Environment of Mesa Verde, Colorado
Wetherill Mesa Studies
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Chapter 3
description of the stands (continiued)


The M—2 site was selected as representative of a type of stand that occurs about midway between the northern and southern extremities of Chapin Mesa. It was at 7,150 feet elevation, about 1 mile north of park headquarters and within one-half mile of the Weather Bureau station. Instruments were placed in a clearing that had served as a dirt tennis court between 1937 and 1942 (fig. 5).

The vegetation is a pinyon-juniper/mutton grass community in which trees and grass are conspicuous and dominant, while the shrubs common in other parts of Mesa Verde are absent from most stands of this type (fig. 6). Mutton grass (Poa fendleriana) is the understory dominant, but the swordlike leaves of yucca (Yucca baccata) occasionally break the monotony of the predominantly tree-grass landscape. There are fewer plant species in this stand than in any of the others studied. Data on the two species of trees are given in table 7. The trees are the largest and the vegetation is the most dense of the six stands investigated. Trees are up to 30 feet tall, about twice as high as those at M—1, and the largest pine and juniper were 17 and 26 inches in diameter, respectively. The 10 largest pinyon trees were an average of 265 years old, the oldest being 362 years old (pith date, A.D. 1601). These data illustrate the problem of estimating age from size: a 16-inch-diameter tree was 320 years old, whereas a 17-inch neighbor was almost 100 years younger.

Fig. 6 The pinyon-juniper/mutton grass community characteristic of M—2. Mutton grass and broad-leafed yucca are the only conspicuous understory plants. The forest here attains a height of about 35 feet, the maximum height on Mesa Verde.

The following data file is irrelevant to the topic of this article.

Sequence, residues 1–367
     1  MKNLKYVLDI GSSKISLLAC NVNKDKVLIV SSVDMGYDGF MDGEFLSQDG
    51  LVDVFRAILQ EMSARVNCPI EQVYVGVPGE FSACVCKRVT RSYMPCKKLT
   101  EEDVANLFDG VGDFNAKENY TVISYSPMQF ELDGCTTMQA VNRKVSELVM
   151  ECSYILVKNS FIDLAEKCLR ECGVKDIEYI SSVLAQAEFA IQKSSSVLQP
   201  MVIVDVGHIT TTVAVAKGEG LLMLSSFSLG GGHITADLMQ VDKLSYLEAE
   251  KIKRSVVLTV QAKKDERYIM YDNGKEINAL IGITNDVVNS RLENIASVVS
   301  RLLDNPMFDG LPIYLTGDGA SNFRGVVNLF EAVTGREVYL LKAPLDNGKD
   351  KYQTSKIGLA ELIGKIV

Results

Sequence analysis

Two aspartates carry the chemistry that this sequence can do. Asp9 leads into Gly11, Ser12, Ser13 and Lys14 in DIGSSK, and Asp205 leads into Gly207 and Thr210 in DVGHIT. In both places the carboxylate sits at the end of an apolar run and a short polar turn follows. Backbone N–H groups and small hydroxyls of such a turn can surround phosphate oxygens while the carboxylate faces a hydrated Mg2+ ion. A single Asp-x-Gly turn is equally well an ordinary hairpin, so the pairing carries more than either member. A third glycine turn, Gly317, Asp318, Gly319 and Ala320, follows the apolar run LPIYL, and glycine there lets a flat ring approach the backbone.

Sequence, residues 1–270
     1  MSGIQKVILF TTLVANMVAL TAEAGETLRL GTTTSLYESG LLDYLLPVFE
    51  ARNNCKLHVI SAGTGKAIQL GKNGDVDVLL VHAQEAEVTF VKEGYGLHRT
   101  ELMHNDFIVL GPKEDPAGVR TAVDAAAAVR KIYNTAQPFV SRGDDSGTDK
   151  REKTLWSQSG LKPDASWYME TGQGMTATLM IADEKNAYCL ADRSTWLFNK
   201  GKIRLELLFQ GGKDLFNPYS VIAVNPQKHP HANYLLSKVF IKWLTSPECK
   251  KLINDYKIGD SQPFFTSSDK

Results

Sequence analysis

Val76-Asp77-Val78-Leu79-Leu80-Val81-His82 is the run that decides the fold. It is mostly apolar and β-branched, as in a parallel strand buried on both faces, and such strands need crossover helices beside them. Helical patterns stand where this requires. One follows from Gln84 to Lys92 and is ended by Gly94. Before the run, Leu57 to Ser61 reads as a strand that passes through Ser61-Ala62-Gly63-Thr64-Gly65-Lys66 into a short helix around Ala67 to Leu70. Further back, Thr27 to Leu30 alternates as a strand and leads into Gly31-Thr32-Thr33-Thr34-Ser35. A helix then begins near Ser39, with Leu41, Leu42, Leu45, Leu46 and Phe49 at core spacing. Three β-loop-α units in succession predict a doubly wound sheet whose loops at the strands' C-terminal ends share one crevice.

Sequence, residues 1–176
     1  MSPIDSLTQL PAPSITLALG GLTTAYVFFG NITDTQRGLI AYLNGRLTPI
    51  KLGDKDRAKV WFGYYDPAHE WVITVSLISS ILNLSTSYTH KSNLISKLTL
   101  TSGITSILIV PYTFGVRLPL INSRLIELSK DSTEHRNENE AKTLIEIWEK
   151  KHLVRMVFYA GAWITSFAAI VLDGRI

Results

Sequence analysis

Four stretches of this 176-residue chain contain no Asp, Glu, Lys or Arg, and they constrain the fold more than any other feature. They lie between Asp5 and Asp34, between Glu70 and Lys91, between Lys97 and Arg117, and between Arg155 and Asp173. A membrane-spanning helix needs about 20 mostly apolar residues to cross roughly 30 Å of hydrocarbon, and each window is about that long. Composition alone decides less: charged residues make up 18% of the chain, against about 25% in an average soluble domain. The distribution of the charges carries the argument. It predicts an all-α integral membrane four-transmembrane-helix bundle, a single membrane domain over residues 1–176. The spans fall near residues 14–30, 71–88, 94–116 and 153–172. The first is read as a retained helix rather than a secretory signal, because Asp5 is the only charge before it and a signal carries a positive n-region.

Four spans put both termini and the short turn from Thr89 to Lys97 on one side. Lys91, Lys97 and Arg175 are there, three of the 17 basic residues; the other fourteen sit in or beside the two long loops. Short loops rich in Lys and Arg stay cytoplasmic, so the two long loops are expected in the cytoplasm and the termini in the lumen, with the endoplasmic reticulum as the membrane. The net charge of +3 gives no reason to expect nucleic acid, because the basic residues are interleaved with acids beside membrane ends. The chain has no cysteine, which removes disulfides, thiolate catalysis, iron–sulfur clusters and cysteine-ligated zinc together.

A. Point quarter analysis based on 10 points
Species Number
of trees
Relative— Importance
Pinus edulis30--1,27342/7.5 2707558.859192.8
Juniperus osteosperma10--88388/10.5 902541.241107.2
   Total40112,15654/8.5 360100100.0100300.0

B. Pinyon-juniper reproduction based on number of individuals that occurred within ten 4 x 50-foot belt transects
Species Number of— Total
Pinus edulis44153190
Juniperus osteosperma1913638

The surface soils at M—2 are loams, with underlying clay loams, and are part of an extensive soil type found at Mesa Verde, probably covering the greatest area on the mesa tops at this elevation. As can be seen from table 8, the upper 3 feet of the profile are noncalcareous, or only slightly calcareous, and consist of an older soil buried by water-deposited and eolian sediments of uniform texture. This soil has been classified as Witt loam, although at M—2 it is somewhat less well developed and the underlying sandstone bedrock occurs only 4 feet below the surface. The profile at the type location on Chapin Mesa is nearly 10 feet deep, and similar soils at pithouse excavations rest on the Cliff House sandstone at depths ranging from 4 to 15 feet (Roberts, MS.).


A10—2 Brown (7.5YR 5/3 dry) to dark brown (7.5YR 4/3 moist) loam; weak to moderate medium platy breaking to moderate very fine granular structure; consistence soft dry, and very friable moist; noncalcareous; lower boundary clear and smooth.
B12—5 Reddish brown (5.0YR 5/4 dry) to (5.0YR 4/4 moist) clay loam; moderate coarse subangular blocky structure breaking to moderate medium and fine subangular blocks; consistence hard dry and very friable moist; thin patchy clay film on peds; very many fine pores; noncalcareous; lower boundary clear and smooth.